Wed Mar 20, 2013 5:47 am
I have found some improvements in my free hand sharpening when I used the entire length of the stone and not just sections of it. All the way from top to bottom and without too much water.
I used to use a lot of water but for sharpening I now just use a little. For polishing, i.e. compound bevels, I use lots of water but for working on the edge I just just a few drops. (After the stone has been soaked that is)
Wed Mar 20, 2013 6:47 am
What effect does this have? I am always looking to learn as much as possible!! I currently use a lot of water on my 1000 but less on the 4000 and 8000. Actually on the 4000/8000 i just use the water to see what rinses off and if the stone is loading.
Wed Mar 20, 2013 7:15 am
Thanks for this post Pete, I've been having similar experiences lately using less water. I was always afraid to let my stones get too 'swarfy' while sharpening so I'd splash them constantly throughout the process. Now, I do think there's a certain point where too much swarf is bad, as it will start interfering with the abrasive too much and reducing cutting power to a crawl.
Wed Mar 20, 2013 7:33 am
i use a lot of swarf with my softer stones. seems to help with polish and sharpening overall =D
Wed Mar 20, 2013 8:01 am
I was watching a Korin video and Master Sugai was demonstrating his technique. The first thing I noticed was how little water he used so i tried that myself. In the past I had used an abundance of water on the stones even though I understand the need not to wash away the slurry. So since that time, after soaking the stone I just use a few drops. The difference is not something that is terribly obvious, however I just found my edges a little more "crisp". I've done about 100 knives this way and I'm very pleased with the results.
Along with using the entire stone, things also seem to move along more quickly. I agree that too much swarf can't be good, but even a few drops of water can disperse the swarf. I have also got into the habit of creating a slurry/flattening with an Atoma 140 plate before I start, it just takes a few sweeps across the stone.
Also, forcing myself to quit at the 2k-4k range. I remember when I started sharpening, I would take the edge all the way to the highest grit stone I had. Sure the edges looked awesome and they were sharp enough but over time I realized that we don't need a 10K finish on a knife that will potentially slide off a tomato instead of biting into it. Two days ago I had a chef at home and he watched me sharpen his 9inch Miyabi chef knife. We experimented with it, I had a bunch of tomatoes and went to town on the knife. It was very dull and it took me about 5 minutes to raise a burr with the 400 Chosera. ( I was too stubborn to drop down to the 240 grit Sigma Power Select II). Once the burr was raised, as we know, everything is golden, the knife is sharp, the old, fatigued metal is gone and we have a fresh edge with lots of scratches in it. We moved to the 1K Chosera and in no time, the chef was slicing through that tomato beautifully. However, once I went beyond the 8k, he needed to apply a little more pressure to get the knife through the outer skin. Once inside the skin it sliced nicely of course but the knife edge was too smooth. Now it would cut protein nicely but it ran over the tomato a little. (I'm talking about being a little nit picky here, the pressure needed was hardly noticeable but still more than with the 1k and 2k Edge)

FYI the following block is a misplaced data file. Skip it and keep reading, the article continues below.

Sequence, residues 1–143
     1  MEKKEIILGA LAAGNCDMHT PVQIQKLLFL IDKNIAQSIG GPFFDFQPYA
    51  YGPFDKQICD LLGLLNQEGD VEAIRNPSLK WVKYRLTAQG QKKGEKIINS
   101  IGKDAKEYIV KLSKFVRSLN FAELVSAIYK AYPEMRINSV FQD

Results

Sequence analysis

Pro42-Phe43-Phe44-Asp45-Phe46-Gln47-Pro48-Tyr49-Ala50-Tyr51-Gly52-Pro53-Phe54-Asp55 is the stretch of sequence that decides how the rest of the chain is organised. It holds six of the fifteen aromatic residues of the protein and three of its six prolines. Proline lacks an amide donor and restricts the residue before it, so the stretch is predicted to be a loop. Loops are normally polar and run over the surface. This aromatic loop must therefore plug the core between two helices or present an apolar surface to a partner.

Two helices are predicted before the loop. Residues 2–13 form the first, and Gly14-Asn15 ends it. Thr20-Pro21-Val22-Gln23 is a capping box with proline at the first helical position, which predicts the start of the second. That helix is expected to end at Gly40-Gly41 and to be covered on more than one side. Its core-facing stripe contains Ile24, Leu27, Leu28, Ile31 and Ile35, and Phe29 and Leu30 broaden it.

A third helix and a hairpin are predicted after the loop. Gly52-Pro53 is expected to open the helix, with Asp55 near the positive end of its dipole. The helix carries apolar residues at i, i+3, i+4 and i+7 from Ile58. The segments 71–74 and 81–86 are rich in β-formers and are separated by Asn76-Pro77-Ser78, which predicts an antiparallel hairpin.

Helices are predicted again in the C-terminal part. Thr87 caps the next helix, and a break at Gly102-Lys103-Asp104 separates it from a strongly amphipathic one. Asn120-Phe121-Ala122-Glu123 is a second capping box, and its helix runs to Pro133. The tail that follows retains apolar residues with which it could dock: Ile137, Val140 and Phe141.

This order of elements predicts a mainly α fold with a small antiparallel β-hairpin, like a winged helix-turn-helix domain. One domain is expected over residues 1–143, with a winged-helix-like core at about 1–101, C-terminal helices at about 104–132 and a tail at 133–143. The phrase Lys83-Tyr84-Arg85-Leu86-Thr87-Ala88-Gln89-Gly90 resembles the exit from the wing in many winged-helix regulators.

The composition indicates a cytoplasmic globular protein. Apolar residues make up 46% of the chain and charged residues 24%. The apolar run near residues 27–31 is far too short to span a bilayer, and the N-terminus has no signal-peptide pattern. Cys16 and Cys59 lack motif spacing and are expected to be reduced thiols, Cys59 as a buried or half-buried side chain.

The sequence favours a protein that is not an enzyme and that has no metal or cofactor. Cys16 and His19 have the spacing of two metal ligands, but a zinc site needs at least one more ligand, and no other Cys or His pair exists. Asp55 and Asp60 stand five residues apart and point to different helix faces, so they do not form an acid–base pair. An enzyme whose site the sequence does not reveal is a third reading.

Having said that, some chefs really like a polished edge and I do what they like. If it was me, I would have a 2k edge max on my veggie knife and a 6k-8k edge on others. This doesn't apply with carbon steel knives, there seems to be no limit on the edge they can take.
Wed Mar 20, 2013 7:11 pm
I 100% concur with a 2k veggie prep edge. Time after time after time, a 2k edge will outlast any other edge on a poly board. Something about using a polished edge on poly, it just goes dull too fast. I can make an edge past 8k that will scream through tomatoes, it still goes dull after a few minutes of use. 2k will stay sharp most of the shift if not through it, and honing works better also at bringing it back.
Now, these experiences are mostly with stainless steel that I speak of, as I'm not so savvy with the nuances on carbon.. although as I understand it carbon comes back easier, even at higher refinements.
Thu Mar 21, 2013 5:40 am
I have no carbon knives myself, however I play\n to correct that shortly by purchasing a Moritaka guyoto.
Last night I had to work on 12 knives, 3 of them were over sixty year old bone handled carbon carving knives. Seriously the oldest knives I have ever seen and the elderly owner told me that to her knowledge they had never been sharpened beyond the factory edge. Although they looked like artifacts rather than knives, they were quite special to the owner. The other knives were the typical Wusthof and Henckels.
Sharpening those old carbon knives was a breeze, even after all that time, they came up beautifully and quickly. Sharper at the end of the night than the 2 year old Wusthofs.
These are the moments that I love most, getting knives that were probably kept in a drawer for the last 40 years because they were too dull to use. The contrast between the bevels after I sharpened them and the very old looking blades is pretty cool. I suppose I could have polished up the blades but that would be like putting a fresh coat of paint on the mona lisa. I know you folks have all experienced things like this, just chatting here
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